Several internally displaced persons (IDPs) who recently arrived in Turalei, Warrap State, after fleeing conflict in Abyei were separated from family members as they left the disputed region.
One of the tens of thousands of IDPs now sheltering under trees in the area is 67-year-old Achie Gock, who said he lost two of his three wives and eight of his 15 children at the end of May as he headed for Twic County.
“I lost my wives and children while we fled Abyei and I (have not had) any information about their whereabouts since then,” the traumatized father said. “We were in total shock (in this) vicious situation.”
Ayak Deng was separated from her mother and only son when she fled Abyei, which was seized by the Sudan Armed Forces on 21 May, and she has so far heard nothing about their whereabouts.
“I was away from home to buy food stuff from Abyei market when the incident happened,” the 20 year-old mother said with tears in her eyes. “I missed both my son and mother at home and I never heard about them since then.”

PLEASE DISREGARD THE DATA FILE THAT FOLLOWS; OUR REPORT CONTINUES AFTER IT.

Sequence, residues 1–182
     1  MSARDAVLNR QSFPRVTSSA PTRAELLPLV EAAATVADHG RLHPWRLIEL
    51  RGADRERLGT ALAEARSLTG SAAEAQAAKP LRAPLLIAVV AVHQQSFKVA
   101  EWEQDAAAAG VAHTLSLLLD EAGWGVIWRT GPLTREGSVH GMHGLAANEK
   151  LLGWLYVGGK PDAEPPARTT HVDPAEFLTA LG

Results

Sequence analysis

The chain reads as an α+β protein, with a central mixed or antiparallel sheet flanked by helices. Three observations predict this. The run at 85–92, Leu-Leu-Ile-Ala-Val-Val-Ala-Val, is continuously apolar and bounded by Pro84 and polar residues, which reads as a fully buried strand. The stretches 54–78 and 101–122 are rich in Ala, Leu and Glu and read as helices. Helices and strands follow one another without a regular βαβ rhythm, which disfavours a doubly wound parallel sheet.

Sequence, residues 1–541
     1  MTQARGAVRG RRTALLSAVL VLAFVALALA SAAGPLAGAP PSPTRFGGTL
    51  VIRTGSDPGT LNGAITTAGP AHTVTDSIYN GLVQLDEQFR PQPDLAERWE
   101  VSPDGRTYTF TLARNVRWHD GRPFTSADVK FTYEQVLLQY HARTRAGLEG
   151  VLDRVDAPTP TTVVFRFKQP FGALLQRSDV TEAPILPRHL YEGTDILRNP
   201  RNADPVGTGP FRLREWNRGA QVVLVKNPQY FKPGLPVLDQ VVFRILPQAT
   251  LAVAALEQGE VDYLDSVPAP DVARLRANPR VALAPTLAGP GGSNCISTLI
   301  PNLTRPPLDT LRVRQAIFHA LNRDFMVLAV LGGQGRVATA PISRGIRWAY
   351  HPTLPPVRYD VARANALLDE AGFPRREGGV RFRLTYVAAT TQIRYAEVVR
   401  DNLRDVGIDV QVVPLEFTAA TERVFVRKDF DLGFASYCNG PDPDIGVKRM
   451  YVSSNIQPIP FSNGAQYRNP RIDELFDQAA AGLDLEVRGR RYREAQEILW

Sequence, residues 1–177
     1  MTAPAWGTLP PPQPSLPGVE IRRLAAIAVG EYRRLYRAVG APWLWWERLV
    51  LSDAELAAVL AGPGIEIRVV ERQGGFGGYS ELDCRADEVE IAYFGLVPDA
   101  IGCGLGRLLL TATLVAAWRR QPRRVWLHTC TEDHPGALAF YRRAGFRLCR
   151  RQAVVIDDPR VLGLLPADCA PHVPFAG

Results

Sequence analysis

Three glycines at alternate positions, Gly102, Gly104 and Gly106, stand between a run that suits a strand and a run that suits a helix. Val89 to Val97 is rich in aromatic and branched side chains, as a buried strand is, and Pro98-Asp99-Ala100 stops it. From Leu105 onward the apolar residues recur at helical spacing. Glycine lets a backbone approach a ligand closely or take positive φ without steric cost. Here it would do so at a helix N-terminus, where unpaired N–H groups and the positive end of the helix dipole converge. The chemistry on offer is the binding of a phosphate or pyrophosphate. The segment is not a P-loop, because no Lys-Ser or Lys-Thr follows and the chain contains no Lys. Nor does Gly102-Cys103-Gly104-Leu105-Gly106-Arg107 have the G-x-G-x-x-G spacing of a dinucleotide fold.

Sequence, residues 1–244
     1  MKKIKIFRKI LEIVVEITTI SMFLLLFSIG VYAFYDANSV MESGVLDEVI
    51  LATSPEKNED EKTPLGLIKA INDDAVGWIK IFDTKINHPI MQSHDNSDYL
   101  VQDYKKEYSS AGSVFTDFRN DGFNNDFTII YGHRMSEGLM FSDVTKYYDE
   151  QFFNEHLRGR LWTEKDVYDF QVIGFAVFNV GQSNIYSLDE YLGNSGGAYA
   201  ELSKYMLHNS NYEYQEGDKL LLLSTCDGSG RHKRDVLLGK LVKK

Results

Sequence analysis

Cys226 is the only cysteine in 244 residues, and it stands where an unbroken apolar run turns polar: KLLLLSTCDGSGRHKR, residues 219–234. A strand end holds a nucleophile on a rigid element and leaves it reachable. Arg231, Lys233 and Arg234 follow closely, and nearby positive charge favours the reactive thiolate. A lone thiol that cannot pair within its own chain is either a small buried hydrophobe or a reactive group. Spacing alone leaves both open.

Twic County Commissioner Dominic Deng described the IDP situation as dire, stressed that people continued to flock into Turalei and humanitarian assistance was needed.
According to the World Food Program (WFP), more than 46,000 IDPs currently in the Turalei area were depending on food from the agency on a daily basis.
Despite these and other humanitarian efforts, IDP needs remain high and could increase further as the rainy season progresses. The UN Office for the Coordination of Humanitarian Affairs (OCHA) has emphasized that food, water, health, and shelter for IDPs were urgently required.
The sudden influx of people had also put a heavy strain on existing commodities and basic services, OCHA further disclosed, which was affecting IDPs and host communities alike.